Paragliding Paradise in Colombia
Hanging out, waiting for the sun to set at Ruitoque
Richi and me. It's time to launch
Imagine a site where the thermals begin at 10:30 every morning. Where the launch is an acre or more of smooth soft grass. Where the wind blows straight on. Where Chulos climb marking every thermal. Where the temperature is warm enough to go to cloudbase in a thin jacket. This is the Aguilas launch on Ruitoque near Bucaramanga.
Aguilas is 3700' MSL with a 750' vertical to the main LZ, a comfortable 6:1 glide away. Several bailout LZs can be reached easily if you sink out. The road to launch is in the process of being paved. The prevailing NW wind picks up as the day heats up and there are several knolls triggering thermals. When I was there, cloudbase was 5-6,000 feet but it can be much higher.
On the weekend a party atmosphere prevails at the onsite snackbar with a barbeque, snacks (those tasty Colombian empanadas!), and a gathering of the local pilots, many giving tandem flights to the stunningly beautiful Bucaramanga girls.
We flew on 10 days during our visit to Colombia. 7 flights were from the Aguilas launch. There were a few pianos, local slang for sled rides, some good thermal flights after 11:00 am, and some ridge soaring on the one afternoon launch. My maximum altitude from this launch was 6,300 feet, (2,400 over launch) and the longest flight was 2 hours and 15 minutes. Several flights were ended only because conditions were picking up and ears were used to descend from cloudbase to land before the wind picked up around 12:30 or 1:00 pm.
The Chulos were amazing lift markers. All you had to do was look for the columns of birds and fly there to go up, up, up.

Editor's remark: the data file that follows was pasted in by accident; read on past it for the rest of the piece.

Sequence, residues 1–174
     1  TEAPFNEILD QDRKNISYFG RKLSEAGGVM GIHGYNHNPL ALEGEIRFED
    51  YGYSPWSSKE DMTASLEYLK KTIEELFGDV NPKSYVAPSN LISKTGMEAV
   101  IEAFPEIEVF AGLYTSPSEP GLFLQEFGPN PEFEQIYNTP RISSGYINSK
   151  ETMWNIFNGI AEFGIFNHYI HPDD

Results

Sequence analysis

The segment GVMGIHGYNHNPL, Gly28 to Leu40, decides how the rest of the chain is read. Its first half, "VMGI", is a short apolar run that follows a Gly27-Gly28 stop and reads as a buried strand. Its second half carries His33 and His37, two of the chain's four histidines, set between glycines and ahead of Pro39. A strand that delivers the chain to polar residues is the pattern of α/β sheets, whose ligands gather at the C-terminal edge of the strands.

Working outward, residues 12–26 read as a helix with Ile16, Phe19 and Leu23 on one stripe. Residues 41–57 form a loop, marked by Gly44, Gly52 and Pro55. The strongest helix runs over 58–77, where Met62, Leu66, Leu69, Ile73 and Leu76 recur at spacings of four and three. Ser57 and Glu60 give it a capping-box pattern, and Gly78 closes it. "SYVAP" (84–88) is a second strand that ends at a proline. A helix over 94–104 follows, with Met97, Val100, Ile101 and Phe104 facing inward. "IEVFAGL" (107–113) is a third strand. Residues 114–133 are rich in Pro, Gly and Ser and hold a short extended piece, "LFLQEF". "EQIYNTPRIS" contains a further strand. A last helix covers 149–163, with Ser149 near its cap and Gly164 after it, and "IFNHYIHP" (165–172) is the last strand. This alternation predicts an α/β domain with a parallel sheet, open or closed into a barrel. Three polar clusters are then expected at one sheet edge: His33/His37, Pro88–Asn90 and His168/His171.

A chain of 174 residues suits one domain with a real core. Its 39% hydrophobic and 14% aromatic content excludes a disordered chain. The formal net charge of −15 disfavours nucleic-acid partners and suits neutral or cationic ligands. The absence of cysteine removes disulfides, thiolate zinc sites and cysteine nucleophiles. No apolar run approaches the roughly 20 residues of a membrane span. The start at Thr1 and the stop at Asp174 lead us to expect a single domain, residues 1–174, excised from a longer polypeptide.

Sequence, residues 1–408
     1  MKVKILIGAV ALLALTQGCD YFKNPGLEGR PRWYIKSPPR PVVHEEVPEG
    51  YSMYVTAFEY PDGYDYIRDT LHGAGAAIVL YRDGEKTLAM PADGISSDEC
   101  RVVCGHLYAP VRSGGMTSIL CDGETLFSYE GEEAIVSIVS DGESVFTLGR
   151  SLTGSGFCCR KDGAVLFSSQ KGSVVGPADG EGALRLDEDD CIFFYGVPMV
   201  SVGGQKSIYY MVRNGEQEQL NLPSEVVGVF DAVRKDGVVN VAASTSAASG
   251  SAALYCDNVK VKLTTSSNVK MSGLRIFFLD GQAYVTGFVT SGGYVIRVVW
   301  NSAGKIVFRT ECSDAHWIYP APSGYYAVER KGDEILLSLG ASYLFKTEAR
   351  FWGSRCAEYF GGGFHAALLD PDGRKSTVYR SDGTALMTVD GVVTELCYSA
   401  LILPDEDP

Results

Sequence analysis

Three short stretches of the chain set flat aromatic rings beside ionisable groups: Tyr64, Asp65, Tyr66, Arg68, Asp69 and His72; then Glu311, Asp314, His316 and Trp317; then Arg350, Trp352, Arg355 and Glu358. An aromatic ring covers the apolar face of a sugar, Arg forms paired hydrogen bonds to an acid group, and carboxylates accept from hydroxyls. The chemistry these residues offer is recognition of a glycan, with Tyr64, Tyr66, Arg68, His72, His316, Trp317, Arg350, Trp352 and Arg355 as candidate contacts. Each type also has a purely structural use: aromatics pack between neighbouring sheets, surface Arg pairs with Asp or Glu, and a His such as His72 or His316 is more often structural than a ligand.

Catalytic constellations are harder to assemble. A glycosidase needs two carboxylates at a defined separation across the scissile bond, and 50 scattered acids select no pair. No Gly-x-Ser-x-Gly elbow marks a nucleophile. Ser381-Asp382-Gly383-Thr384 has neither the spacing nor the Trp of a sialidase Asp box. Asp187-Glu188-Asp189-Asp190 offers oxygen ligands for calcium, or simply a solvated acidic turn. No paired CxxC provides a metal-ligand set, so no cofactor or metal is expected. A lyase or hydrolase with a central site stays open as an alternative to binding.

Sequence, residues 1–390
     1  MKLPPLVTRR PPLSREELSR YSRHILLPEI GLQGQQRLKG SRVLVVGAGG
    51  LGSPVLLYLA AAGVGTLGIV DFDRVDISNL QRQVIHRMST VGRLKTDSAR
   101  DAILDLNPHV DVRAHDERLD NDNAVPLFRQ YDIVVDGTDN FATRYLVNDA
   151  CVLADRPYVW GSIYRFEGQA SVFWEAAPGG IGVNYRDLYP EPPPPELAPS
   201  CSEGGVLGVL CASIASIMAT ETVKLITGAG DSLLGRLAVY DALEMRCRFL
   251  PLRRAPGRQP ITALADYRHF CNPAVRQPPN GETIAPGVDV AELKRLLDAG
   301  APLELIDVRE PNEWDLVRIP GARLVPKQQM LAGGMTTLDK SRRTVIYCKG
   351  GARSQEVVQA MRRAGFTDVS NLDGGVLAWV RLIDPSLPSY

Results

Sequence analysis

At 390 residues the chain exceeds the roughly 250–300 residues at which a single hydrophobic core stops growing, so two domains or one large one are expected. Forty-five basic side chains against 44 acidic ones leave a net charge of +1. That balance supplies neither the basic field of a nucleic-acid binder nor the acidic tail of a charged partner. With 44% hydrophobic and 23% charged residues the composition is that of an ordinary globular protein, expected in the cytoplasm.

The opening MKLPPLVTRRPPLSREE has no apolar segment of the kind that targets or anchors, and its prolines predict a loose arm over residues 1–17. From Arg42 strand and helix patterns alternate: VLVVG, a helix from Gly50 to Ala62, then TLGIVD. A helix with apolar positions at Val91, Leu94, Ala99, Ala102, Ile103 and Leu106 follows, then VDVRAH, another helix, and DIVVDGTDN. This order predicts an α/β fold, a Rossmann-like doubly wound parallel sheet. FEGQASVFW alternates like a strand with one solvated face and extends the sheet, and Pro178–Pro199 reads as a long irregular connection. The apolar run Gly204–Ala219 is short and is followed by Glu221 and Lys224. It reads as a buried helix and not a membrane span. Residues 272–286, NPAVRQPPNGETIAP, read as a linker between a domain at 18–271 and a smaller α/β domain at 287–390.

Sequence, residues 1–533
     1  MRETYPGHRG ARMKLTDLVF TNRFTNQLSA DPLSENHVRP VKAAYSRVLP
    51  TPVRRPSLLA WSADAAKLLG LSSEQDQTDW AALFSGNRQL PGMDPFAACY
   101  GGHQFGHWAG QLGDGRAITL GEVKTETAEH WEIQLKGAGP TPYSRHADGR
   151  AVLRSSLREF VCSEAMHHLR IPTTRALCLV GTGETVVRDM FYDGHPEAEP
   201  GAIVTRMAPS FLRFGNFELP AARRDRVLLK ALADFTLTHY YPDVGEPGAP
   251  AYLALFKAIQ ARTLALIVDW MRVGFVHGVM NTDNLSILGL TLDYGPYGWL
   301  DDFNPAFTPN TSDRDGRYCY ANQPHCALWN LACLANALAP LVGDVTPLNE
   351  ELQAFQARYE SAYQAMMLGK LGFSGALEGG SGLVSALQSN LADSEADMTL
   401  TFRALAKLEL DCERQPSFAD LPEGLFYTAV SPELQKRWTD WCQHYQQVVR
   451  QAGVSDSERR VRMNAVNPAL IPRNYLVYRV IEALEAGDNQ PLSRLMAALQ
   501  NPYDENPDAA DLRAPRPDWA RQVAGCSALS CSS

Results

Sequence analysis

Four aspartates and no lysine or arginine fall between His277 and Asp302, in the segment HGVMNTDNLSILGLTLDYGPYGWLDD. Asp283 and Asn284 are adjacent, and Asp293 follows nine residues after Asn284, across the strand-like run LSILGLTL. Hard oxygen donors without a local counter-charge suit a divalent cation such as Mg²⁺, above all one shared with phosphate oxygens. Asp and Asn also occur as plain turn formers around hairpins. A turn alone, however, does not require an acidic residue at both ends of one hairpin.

The local pilots were friendly and helpful. Some of them fly every day here and log more than 1,000 flights a year. Their intimate knowledge of the site and their flying skills were spectacular.
On weekends you can count on there being a few youngsters eager to help you fold your wing. These are the future pilots of Bucaramanga.
A little over a mile southwest of the Aguilas launch is the Vuelo Libre launch. You can fly here from Aguilas by following the ridge (it’s just past the waterfall) or follow the dirt road with your vehicle.
A huge gentle sloping field faces the prevailing afternoon wind, providing a great place to launch, soar the 5 miles of ridge, and top land. It would be the perfect location to practise kiting, too, if it weren't such a wonderful flying site that you don't want to stay on the ground. The locals learn to fly at Vuelo Libre.
Vuelo Libre is at 4,000 feet MSL. The same LZs are available below the ridge, but the wind is consistent and laminar, making for a great top landing site. Out front the thermals persist until the sun gets low in the sky.
Russell packs up in the last light of the day
Some days Vuelo Libre is soarable until the sun goes down...or longer. As your mother used to tell you, when the street lights come on, it is time to go home.
All four of my flights here were more than an hour long. When I got in front of Vuelo Libre on my last day, I decided to fly back to the Hotel Club Campestre. I almost made it, but ran out of thermals and encountered some sink and a headwind. Fortunately, I found a great grass field with a few grazing horses to land in. Unfortunately, the great field and the horses belonged to the local mounted police.
Not long after landing, I found myself in the interesting predicament of having to explain why I had fallen from the sky on the inside of their carefully guarded compound.
They were friendly, but thorough in their questioning, and after some discussion, some paperwork, and many a sidelong glance, they called me a taxi and sent me on my way.
As this was my last flight before the trip home, I was really glad to find such a beautifully groomed field to fold my wing tightly for the final packing.
Sitting by the pool with a cold drink and an ice cream cone, I could look up to Ruitoque and watch Russell and Morgan still flying high above the ridge as the sun sank in the west.
Examining the GPS profile of my flight later, I discovered that if I had applied speedbar for the final glide from 5,500 feet, I would have had no problem penetrating to the golf course at the Club Campestre. Live and learn.
Every day at Ruitoque begins and ends at La Gitanilla, the tienda on the road up Ruitoque. Pick up some bottled water and snacks on the way up.
Stop in on the way back down for a cold Aguila and some animated discussion of the day’s flights. You will meet lots of local pilots and their girlfriends here.
Don’t forget to pick up a few T-shirts and helmet bags.